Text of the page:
At the medium-scale level, individual electric vehicles and small battery energy storage systems (BESS) for single-family residences can have considerable fire potential and require special attention to mitigate the risk. In addition to manufacturer standards, strategies involving appropriate use of fire protection systems, as well as creating distance between the LIB system and the occupied spaces of a building (e.g., separation of parking spaces, installation of BESS outside occupied spaces), can help reduce the threat of fire.
In large-scale applications, large BESS or parking garages with multiple electric vehicles inside a building can pose a significant fire safety challenge. The nature of hazards associated with these systems is different from that of typical fires. These differences can greatly change the risk profile for buildings, their occupants, and first responders. The challenge is driven by the combined fire, explosion, and hazardous material risk of these events. The total heat release of a gas-fueled car and an electric car might not be very different. However, the fire from an electric car can start fast and furious, with jet flames that make it easier to set the next car ablaze as well.
It takes much more water and time to extinguish a fire from an electric car. In addition, any part of the combustible gasses released from the electric vehicle that does not burn could contribute to an unexpected explosion. A parking area, with multiple electric cars in proximity to one another, may experience a fire that spreads much faster, is more difficult to extinguish (due to safety and extinguishment challenges for the fire service) and is, therefore, likely to burn longer. A large-scale LIB BESS inside a building could pose similar challenges.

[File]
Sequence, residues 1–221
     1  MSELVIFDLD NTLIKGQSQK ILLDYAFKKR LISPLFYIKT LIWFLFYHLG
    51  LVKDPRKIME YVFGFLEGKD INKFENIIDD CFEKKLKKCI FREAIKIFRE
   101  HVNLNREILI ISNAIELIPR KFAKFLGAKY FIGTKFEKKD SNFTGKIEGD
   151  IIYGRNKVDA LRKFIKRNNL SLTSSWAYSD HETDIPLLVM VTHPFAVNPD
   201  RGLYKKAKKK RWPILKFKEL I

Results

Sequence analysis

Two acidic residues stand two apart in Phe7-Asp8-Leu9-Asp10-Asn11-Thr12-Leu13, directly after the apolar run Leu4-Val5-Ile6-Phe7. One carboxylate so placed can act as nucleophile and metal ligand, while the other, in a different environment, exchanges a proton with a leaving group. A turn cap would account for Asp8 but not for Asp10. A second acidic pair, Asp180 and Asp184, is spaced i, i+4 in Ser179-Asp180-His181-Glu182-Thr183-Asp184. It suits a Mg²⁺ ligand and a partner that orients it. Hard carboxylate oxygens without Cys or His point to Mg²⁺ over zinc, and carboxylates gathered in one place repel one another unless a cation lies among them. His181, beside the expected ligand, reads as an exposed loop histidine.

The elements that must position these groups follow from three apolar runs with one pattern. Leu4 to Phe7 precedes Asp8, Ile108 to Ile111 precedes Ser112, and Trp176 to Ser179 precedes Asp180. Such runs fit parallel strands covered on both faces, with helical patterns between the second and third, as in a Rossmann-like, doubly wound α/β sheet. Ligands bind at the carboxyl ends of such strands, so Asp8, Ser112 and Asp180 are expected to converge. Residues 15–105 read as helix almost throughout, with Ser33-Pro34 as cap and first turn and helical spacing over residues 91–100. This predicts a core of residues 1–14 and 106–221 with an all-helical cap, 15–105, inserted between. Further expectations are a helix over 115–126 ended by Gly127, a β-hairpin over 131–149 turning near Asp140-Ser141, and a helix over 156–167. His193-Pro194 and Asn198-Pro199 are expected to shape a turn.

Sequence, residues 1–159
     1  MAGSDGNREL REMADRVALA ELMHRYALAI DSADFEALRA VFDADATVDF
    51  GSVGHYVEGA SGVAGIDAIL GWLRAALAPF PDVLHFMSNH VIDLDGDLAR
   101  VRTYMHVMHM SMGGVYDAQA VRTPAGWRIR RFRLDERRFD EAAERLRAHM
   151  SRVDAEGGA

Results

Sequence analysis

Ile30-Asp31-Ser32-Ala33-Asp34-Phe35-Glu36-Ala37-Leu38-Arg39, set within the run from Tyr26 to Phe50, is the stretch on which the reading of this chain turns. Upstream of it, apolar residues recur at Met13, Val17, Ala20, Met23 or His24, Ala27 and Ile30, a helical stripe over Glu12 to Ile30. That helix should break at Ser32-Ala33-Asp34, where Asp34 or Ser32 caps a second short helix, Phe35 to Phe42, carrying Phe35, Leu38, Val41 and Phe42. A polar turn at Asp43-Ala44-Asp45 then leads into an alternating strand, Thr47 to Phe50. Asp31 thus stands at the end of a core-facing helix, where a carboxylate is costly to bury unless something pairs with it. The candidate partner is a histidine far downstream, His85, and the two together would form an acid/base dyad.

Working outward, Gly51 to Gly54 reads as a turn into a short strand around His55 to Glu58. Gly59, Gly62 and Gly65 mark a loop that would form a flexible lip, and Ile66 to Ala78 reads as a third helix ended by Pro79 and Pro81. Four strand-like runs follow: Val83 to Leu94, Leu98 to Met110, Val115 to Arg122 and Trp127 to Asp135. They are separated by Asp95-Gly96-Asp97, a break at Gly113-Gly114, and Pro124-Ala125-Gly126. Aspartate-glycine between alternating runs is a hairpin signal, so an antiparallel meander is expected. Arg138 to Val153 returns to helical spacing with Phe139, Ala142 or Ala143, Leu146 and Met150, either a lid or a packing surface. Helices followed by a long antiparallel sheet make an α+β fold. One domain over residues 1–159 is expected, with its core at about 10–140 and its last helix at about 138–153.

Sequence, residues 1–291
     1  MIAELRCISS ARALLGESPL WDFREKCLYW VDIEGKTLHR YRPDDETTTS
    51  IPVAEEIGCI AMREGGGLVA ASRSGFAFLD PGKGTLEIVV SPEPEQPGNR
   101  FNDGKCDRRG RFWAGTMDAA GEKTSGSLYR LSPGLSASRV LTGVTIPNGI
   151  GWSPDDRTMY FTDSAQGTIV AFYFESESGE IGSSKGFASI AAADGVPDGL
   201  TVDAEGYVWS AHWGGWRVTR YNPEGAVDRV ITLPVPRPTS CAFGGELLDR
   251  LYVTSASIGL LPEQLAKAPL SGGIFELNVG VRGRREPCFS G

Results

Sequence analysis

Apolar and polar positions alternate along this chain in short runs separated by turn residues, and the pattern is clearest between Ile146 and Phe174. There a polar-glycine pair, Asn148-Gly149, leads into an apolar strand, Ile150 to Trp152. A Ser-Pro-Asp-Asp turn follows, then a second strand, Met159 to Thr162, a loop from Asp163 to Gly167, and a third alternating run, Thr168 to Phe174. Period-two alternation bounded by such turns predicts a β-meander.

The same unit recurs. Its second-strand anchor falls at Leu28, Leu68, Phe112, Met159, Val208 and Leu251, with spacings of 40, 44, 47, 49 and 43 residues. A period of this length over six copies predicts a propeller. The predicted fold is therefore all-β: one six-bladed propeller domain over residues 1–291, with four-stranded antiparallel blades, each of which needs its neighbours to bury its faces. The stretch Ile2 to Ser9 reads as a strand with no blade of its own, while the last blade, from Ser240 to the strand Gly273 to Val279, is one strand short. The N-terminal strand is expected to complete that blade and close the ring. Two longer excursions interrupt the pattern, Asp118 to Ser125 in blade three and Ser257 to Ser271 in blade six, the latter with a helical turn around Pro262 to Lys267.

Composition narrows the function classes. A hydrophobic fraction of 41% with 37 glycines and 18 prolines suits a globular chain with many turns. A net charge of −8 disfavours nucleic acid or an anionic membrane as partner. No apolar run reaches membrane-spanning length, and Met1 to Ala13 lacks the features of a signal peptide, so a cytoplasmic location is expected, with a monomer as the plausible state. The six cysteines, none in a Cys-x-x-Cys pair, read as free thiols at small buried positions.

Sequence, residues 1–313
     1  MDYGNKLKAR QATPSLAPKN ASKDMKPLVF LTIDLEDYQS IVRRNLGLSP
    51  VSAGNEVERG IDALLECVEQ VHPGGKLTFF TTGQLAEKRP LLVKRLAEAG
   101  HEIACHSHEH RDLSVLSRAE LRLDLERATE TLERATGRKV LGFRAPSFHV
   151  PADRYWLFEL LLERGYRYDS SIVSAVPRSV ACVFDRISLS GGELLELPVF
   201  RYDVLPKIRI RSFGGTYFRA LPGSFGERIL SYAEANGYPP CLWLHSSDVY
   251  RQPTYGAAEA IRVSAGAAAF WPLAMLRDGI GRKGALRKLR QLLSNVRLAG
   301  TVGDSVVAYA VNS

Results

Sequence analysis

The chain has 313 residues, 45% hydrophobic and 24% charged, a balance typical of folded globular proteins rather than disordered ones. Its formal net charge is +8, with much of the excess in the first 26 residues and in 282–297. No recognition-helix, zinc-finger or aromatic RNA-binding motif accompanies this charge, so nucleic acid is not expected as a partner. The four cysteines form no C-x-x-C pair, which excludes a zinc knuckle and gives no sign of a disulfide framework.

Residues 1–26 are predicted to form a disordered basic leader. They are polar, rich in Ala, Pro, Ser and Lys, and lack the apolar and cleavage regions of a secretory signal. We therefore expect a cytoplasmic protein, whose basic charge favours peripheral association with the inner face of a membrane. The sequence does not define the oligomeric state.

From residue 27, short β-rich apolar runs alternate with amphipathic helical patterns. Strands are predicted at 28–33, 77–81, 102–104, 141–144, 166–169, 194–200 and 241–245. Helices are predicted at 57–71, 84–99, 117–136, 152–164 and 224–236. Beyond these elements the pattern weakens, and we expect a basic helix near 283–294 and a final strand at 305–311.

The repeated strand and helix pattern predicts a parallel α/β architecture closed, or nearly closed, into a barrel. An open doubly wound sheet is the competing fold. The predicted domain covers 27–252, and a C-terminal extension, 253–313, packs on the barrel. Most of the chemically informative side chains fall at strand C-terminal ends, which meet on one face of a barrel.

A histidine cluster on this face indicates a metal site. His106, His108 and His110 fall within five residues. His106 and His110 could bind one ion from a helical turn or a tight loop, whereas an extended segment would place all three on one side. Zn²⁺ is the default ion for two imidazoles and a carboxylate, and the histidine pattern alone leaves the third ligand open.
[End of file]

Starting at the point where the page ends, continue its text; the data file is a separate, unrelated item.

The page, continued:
For this large-scale challenge, there is a need for greater awareness, as well as increased collaboration between stakeholders (including regulating bodies, first responders, technical associations, owners and developers, and design professionals) to fully define the extent of the challenge and develop an outline of solutions. This is a fast-growing and quickly changing environment, and we need proactive, positive engagement from all involved.
Risk mitigation measures for electric vehicles, battery energy storage systems in buildings
Fortunately, for both electric vehicles in indoor parking spaces and large-scale BESS locations inside buildings, some guidance for risk mitigation is clear. It is helpful that the location of risk for both scenarios is known, allowing for targeted design and mitigation approaches to these spaces. Structurally, the building may be designed to withstand longer fires, and structural hardening can be considered if there is an explosion potential.